Occupational Pensions

Part of the debate – in the House of Commons at 7:18 pm on 20th January 2003.

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Photo of Maria Eagle Maria Eagle The Parliamentary Under-Secretary of State for Work and Pensions 7:18 pm, 20th January 2003

I welcome the debate, which although short, has been robust and fascinating. I welcome the fact that the Opposition are buying into some of the proposals in the Green Paper, which shows a willingness to develop a consensus for moving forward. Certainly, on pensions, the wider the consensus that we can achieve, the better. We look forward to hearing what else they have to say and what other parts of the Green Paper they agree with, because the motion is very narrow.

Many Members from all parties and many people outside the House are concerned about ensuring an appropriate level of protection for the interests of pension scheme members on wind-up, whether or not insolvency is the cause. That is partly because there have been high-profile cases to which right hon. and hon. Members have referred. My hon. Friend Kevin Brennan, Mr. Heald and others have talked about ASW.

If we value our voluntary system of private pensions, and we do, pension promises must be kept. That is an important part of the partnership. The question is how we can balance appropriate protection for members, which is tremendously important, with sufficient flexibility and the lowest possible costs, which will make the provision of pension schemes appealing to employers as well.

My right hon. Friend the Minister for Pensions set out our proposals for improving protection on wind up, so I shall refer to only one or two of them before I deal with some of the points that have been raised in the debate. In the Green Paper, we are already consulting on whether there should be a fairer sharing of assets between those with larger and smaller pensions when a scheme winds up. We are looking at capping the level of the highest payment where there are limited assets. In his opening remarks, the hon. Member for North-East Hertfordshire appeared to show some sympathy for that, so we look forward to the support of the Opposition on that proposal.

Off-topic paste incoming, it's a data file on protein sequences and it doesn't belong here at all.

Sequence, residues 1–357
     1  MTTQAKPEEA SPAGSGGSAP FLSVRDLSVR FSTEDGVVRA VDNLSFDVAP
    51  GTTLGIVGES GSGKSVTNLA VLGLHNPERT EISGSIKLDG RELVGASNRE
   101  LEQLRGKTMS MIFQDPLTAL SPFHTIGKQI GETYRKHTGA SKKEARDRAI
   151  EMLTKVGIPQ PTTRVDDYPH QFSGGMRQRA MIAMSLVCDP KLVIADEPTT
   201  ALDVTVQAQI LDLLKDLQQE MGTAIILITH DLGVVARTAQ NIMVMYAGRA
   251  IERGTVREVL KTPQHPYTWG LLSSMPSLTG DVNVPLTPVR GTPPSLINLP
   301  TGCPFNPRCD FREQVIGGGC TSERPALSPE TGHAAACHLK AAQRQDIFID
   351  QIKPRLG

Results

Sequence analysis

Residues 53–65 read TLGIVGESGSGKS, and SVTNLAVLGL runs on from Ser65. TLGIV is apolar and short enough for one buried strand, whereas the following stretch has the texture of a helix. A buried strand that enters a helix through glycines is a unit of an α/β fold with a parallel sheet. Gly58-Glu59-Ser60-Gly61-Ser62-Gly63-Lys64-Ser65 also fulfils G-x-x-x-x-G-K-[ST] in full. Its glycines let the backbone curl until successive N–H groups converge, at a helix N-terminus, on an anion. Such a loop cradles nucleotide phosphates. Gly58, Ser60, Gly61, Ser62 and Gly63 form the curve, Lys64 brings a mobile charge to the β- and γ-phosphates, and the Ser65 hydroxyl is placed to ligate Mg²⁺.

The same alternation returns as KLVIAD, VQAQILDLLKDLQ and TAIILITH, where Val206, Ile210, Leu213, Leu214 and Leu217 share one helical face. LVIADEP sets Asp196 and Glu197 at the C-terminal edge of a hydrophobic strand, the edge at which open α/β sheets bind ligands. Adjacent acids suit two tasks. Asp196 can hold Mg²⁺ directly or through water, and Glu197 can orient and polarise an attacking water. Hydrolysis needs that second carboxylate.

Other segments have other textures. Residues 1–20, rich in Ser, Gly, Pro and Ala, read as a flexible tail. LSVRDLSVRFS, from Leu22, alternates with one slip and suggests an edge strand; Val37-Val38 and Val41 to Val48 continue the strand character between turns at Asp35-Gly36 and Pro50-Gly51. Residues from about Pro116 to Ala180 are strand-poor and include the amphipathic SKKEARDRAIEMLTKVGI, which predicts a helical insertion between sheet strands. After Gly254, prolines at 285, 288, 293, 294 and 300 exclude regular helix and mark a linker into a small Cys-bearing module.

Where there is a wind-up of an underfunded scheme, we are looking into possible changes to the priority order, introduced in 1995 by the Conservatives, to ensure fairness for those affected. However, it is right that we should listen to what everyone affected might think of the proposals, as the National Association of Pension Funds noted in its parliamentary brief for this debate. Despite the calls for immediate action, citing the ideas of the NAPF, which we heard from Opposition Front-Bench speakers, the association itself says that further discussion with interested parties would be necessary to finalise the fairest and most practical solution. The NAPF does not suggest that we move immediately to producing a set of regulations but that we should get things right before we go forward. I approve of that.

The motion expresses deep concern at the current arrangements for dealing with pension funds affected by employer insolvency. As we have already heard, the Conservatives devised those arrangements, so it is touching that they are now championing workers' rights. I prefer to look at the Conservatives' record, however, and to judge them on the basis of what they did when they had the chance.

During their 18 years in office, the Conservatives did nothing to enhance protection for workers affected by insolvency and redundancy and they themselves devised the order of priority between unsecured creditors on the wind-up of schemes that they now criticise. When prompted, the hon. Member for North-East Hertfordshire remembered that in fact he was responsible for that when he was an Under-Secretary at the former Department of Social Security. As Mr. Webb kindly reminded us, the responsibility did not lie only with the hon. Member for North-East Hertfordshire; both the current Leader of the Opposition and their previous leader were involved in setting out that order of priority.

It is not as though there was no pressing problem of company insolvency and redundancies during the Conservatives' time in office. They were engaged in systematically wrecking the private pension provision of millions of workers by promoting mass unemployment. That did not happen by accident; they did it on purpose. Creating mass unemployment was an instrument of economic policy for the Conservatives. They were also engaged—just for good measure—in allowing the mis-selling of private pensions on a truly staggering scale, so people who did not lose their jobs might have fallen foul of that.